Ana Blandiana is one of Romania’s foremost poets, a leading dissident before the fall of communism. In recognition of her contribution to European culture and her valiant fight for human and civil rights, Blandiana was awarded the Légion d’Honneur (2009), and the US State Department distinguished her with the Romanian Women of Courage Award (2014). She won the European Poet of Freedom Prize (Gdansk, 2016) for My Native Land A4 (2010), published in English by Bloodaxe.


  • Jonathan Blum

    Jonathan Blum is the author of several short stories and Last Word, a novella featured on The Huffington Post, KCRW's Bookworm, and Iowa Public Radio. He is the recipient of a grant from the Helene Wurlitzer Foundation and a Michener-Copernicus Society of America Award. He currently resides in Los Angeles.



  • Robert Bly

    Robert Bly is an internationally recognized poet, translator, and editor. His most recent books include Talking into the Ear of a Donkey (W.W. Norton) and Like the New Moon I Will Live My Life (White Pine). His collected poems are forthcoming from Norton. He lives in Minneapolis with his wife, Ruth.



  • Photo by Mathieu Bourgois

    Roberto Bolaño

    The author of many acclaimed works, Roberto Bolaño (1953-2003) was a Chilean novelist, short-story writer, poet, and essayist. He was described by the New York Times as "the most significant Latin American literary voice of his generation," and his many prizes include the prestigious Herralde de Novela Award and the Premio Rómulo Gallegos.



  • Robert Bonazzi

    Robert Bonazzi is the author of Man in the Mirror: The Story of Black Like Me (Orbis, 1997) and afterwords to John Howard Griffin’s Black Like Me (Penguin, 2010). Other books include Awakened by Surprise (fiction, Lamar University, 2016), Outside the Margins (essays, Wings, 2015), plus five books of poetry.



  • Cynthia Bond

    Cynthia Bond is a writer and educator who has taught writing to homeless and at-risk youth throughout Los Angeles for more than fifteen years. As a PEN Rosenthal Fellow, Cynthia also founded the Blackbird Writing Collective in 2011. She currently lives in Los Angeles with her daughter.



  • Yves Bonnefoy

    Yves Bonnefoy (born 24 June 1923) is a French poet and essayist. Bonnefoy was born in Tours, Indre-et-Loire, the son of a railroad worker and a teacher. His works have been of great importance in post-war French literature, at the same time poetic and theoretical, examining the meaning of the spoken and written word. He has also published a number of translations, most notably Shakespeare as well as several works on art and art history, including Miró and Giacometti.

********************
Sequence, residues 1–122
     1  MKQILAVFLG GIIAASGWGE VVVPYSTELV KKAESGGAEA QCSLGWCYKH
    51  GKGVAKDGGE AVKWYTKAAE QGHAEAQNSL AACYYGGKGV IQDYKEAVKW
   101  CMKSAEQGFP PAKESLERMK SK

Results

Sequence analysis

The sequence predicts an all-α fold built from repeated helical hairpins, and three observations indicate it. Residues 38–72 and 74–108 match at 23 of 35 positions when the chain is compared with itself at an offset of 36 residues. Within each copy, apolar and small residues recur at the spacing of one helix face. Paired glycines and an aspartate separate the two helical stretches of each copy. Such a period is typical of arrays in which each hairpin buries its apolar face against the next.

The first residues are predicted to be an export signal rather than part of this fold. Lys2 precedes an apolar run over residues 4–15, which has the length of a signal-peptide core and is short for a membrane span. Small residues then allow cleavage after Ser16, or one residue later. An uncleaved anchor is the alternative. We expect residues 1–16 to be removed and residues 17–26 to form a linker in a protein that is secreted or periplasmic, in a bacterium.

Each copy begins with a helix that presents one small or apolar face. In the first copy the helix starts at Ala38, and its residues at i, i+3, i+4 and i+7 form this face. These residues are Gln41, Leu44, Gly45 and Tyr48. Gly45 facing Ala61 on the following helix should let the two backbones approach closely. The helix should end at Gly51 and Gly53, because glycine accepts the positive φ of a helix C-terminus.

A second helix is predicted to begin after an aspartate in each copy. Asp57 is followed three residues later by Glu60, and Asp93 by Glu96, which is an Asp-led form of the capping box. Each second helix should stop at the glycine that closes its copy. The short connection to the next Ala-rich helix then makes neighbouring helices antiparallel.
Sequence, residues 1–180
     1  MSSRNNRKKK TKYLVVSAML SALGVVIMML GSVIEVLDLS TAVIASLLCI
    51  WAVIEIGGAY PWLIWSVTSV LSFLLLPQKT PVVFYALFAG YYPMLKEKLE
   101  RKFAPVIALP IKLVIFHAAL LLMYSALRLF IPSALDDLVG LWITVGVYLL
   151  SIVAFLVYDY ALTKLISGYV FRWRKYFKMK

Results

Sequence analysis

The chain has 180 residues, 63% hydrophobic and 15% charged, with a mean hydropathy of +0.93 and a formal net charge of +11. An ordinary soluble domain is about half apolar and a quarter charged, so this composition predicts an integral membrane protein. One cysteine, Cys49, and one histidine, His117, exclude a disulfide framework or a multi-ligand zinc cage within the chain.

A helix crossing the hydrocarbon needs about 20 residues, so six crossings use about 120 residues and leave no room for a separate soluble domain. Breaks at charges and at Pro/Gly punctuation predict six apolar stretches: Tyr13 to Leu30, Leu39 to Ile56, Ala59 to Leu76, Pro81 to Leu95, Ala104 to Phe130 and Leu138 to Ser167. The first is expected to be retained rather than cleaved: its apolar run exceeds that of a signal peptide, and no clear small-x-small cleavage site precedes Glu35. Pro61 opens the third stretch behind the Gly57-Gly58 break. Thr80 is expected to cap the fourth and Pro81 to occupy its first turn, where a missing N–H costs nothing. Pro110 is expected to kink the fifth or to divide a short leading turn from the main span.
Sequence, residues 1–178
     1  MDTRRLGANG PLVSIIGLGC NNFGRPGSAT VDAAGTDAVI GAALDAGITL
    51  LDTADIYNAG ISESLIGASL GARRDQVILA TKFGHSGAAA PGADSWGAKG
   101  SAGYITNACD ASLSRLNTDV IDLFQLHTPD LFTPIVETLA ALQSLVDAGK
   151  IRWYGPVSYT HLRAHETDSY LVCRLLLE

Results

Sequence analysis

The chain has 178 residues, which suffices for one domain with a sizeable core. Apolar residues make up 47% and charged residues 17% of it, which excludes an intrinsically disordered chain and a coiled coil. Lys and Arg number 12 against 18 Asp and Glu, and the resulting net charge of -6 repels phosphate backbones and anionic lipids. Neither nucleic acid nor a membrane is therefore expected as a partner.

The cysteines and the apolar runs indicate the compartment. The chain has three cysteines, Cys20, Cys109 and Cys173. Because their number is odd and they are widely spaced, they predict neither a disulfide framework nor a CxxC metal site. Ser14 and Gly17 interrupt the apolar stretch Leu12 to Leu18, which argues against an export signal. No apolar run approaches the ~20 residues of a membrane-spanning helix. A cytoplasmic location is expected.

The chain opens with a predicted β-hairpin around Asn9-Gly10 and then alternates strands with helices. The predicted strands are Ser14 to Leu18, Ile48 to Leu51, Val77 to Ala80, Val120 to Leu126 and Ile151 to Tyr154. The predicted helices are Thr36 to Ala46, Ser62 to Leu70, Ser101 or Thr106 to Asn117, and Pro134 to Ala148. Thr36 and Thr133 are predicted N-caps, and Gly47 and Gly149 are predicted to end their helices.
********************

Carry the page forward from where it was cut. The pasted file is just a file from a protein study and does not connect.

• Photo by Hector Munoz

    Luis Jorge Boone

    From Monclova, Coahuila, Mexico, Luis Jorge Boone is the author of eleven books including novels, books of poetry, and short-story collections. He is the winner of numerous literary prizes, including the Cuento Inés Arredondo (2005), Poesía Joven Elías Nandino (2007), the Carlos Echánove Trujillo Literary Prize for Essay (2009), and the Premio Ramón López Velarde (2009). The English edition of his short-story collection The Cannibal Night, translated by George Henson, will appear later this year.



  • Drawing by Beatriz Crespo

    Alexander Booth

    Alexander Booth (www.wordkunst.com) is a poet and literary translator. A recipient of a PEN/Heim Translation Fund grant for his translations of German poet Lutz Seiler, in field latin (Seagull Books, 2016), his poetry and translations have appeared in numerous international print and online journals. After many years in Rome, he currently lives in Berlin.



  • Xavier Bordes

    Xavier Bordes is a French poet and translator born in Arc-en-Argens. He’s the author of twenty collections, most recently L’Astragalizonte et autres poèmes, published by Traversées in 2016. His collection Comme un bruit de source, published by Gallimard, won the Max Jacob prize in 1999. He has translated Greek poets including Odysseus Elytis, C. P. Cavafy, and Manolis Anagnostakis.